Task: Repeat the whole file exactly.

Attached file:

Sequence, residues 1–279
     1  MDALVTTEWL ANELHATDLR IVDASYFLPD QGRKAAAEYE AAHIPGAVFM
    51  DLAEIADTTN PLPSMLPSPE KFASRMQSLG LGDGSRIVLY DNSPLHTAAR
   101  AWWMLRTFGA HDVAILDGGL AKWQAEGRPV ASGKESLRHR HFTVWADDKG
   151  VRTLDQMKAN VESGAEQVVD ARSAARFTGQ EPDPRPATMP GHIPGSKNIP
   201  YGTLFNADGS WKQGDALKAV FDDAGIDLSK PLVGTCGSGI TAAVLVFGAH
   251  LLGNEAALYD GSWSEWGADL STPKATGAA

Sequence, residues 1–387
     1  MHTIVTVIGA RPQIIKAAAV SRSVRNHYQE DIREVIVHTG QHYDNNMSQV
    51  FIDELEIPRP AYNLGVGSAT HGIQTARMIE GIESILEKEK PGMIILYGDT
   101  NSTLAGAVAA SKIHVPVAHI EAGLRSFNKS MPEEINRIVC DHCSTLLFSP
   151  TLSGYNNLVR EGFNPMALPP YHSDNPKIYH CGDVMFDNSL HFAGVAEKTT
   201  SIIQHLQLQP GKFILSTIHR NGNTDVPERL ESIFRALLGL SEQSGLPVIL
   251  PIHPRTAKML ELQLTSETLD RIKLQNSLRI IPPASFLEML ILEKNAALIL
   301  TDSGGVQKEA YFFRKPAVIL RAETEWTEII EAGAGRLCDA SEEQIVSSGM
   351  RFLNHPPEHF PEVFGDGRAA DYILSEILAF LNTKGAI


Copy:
Sequence, residues 1–279
     1  MDALVTTEWL ANELHATDLR IVDASYFLPD QGRKAAAEYE AAHIPGAVFM
    51  DLAEIADTTN PLPSMLPSPE KFASRMQSLG LGDGSRIVLY DNSPLHTAAR
   101  AWWMLRTFGA HDVAILDGGL AKWQAEGRPV ASGKESLRHR HFTVWADDKG
   151  VRTLDQMKAN VESGAEQVVD ARSAARFTGQ EPDPRPATMP GHIPGSKNIP
   201  YGTLFNADGS WKQGDALKAV FDDAGIDLSK PLVGTCGSGI TAAVLVFGAH
   251  LLGNEAALYD GSWSEWGADL STPKATGAA

Sequence, residues 1–387
     1  MHTIVTVIGA RPQIIKAAAV SRSVRNHYQE DIREVIVHTG QHYDNNMSQV
    51  FIDELEIPRP AYNLGVGSAT HGIQTARMIE GIESILEKEK PGMIILYGDT
   101  NSTLAGAVAA SKIHVPVAHI EAGLRSFNKS MPEEINRIVC DHCSTLLFSP
   151  TLSGYNNLVR EGFNPMALPP YHSDNPKIYH CGDVMFDNSL HFAGVAEKTT
   201  SIIQHLQLQP GKFILSTIHR NGNTDVPERL ESIFRALLGL SEQSGLPVIL
   251  PIHPRTAKML ELQLTSETLD RIKLQNSLRI IPPASFLEML ILEKNAALIL
   301  TDSGGVQKEA YFFRKPAVIL RAETEWTEII EAGAGRLCDA SEEQIVSSGM
   351  RFLNHPPEHF PEVFGDGRAA DYILSEILAF LNTKGAI